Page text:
The mediator tried to diffuse the situation, saying, “Kim is passionate about women’s rights like you are about trans rights.” In one ear and out the other — a group of those in the room continued to pepper me with undeserving insults and other personal attacks.
Next, my assistant coach spoke up and asked why the athletes had written to the AD instead of just reaching out to one or both of us to hear more about my perspective. The athletes claimed they were afraid of retribution.
Needless to say, the meeting didn’t end with a clear resolution. A week later, my AD asked me to have another meeting with my team and other college administrators. I complied.
Administrators — the Associate Vice President for Athletics Advancement/Delta Lodge Director of Athletics & Physical Education; the Director for Equity, Diversity and Inclusion/Title IX Coordinator; and Athletics Diversity and Inclusion Designee Liaison to the Office of Equity, Diversity & Inclusion — were present in addition to my assistant coach and our entire team.
The energy in the room was dark, and chairs were arranged in a circle. For one hour and 42 minutes, each student-athlete had the opportunity to speak freely about what they didn’t like about me or my coaching style. The same athletes whom I had treated like my own kids bashed me over and over again, simply for having a pro-woman perspective which was different from theirs.
“I know that this is probably a shock because now we’re at this stage where, for this generation, it’s not good enough just to work for women’s issues or white feminism. Your feminism has to be inclusive for everybody and work for everybody,” was a particularly biting comment from one student-athlete.
Another athlete told me that I was genuinely trying to make an attack on her, saying: “There are some things that we still need from you and some steps, but we acknowledge it’s not impossible. It’s not impossible to eventually be able to apologize.”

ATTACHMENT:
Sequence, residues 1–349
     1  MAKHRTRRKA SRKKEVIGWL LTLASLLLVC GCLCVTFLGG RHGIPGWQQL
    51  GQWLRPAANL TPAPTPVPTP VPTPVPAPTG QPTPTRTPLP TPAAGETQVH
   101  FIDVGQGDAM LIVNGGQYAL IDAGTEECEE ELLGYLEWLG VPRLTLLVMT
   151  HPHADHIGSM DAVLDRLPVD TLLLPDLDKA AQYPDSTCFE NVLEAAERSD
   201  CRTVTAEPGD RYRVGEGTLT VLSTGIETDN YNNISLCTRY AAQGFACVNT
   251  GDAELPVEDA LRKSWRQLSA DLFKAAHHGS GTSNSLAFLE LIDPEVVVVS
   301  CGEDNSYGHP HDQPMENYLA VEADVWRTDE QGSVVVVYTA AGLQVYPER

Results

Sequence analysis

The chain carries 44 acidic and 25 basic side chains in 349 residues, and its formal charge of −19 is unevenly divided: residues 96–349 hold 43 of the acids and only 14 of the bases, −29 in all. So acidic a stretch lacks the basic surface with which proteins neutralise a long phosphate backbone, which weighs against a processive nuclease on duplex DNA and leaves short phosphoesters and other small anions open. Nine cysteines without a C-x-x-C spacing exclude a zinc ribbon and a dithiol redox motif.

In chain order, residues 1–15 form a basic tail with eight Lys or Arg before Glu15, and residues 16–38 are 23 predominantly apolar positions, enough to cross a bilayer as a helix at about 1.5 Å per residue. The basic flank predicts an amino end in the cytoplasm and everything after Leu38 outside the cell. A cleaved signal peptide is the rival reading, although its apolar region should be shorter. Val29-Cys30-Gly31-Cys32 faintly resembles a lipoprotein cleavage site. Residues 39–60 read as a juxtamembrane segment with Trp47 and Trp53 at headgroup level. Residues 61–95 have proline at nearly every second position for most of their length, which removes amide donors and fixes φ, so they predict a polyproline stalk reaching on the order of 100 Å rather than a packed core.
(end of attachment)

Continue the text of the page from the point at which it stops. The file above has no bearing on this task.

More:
The student-athletes were encouraged to speak their minds, but that wasn’t the case for me — I had to stay quiet and repeat back everything they said to confirm I had listened to their concerns. The only time I didn’t have to repeat what had been said was when the freshman who had spoken up in support of me at our first meeting read four pages of positive feedback about my assistant coach and me.
The adults in the room seemed to disregard what the athlete had said, and the moderator, Rebecca Mosely, responded, “That was a lot. Can I summarize by saying that [the assistant coach] and Kim do a lot of good things for the team?”
At the end of the meeting, I was given the chance to respond, at which point I knew that whatever I said would land on deaf ears.
After that meeting, I received no support from the administrators who were present. I did receive support from the Assistant AD who is the Senior Women’s Administrator for the Athletic department — the mediator present in the first meeting I was asked to have with the team.
My team and I walked on eggshells for the rest of the season, but I finished out the season. I was even there emotionally for the athlete who had originally reported me to the AD after she received awful news about an injury — I was her first call, before her mom or her dad.
I love these kids as my own, and nothing could ever change that, not even them villainizing me. I want them to see the value in standing up for what you believe, to have difficult conversations with those you may disagree with and come out the other side as better friends.
A week or so after the season ended, the AD called me into her office and handed me a letter. At the very bottom, it said: “This letter is intended to help you understand and appreciate the impact of your actions and the need for you to immediately modify your behavior. It is my (and the College’s) sincere hope that you are successful in doing so. This letter will be placed in your personnel file in the Department of Human Resources.”
Fascinating. I was “good enough” to carry on to coach the remainder of the season after the incident, but now I must change my behavior? I felt like a little kid who had taken a piece of candy without permission.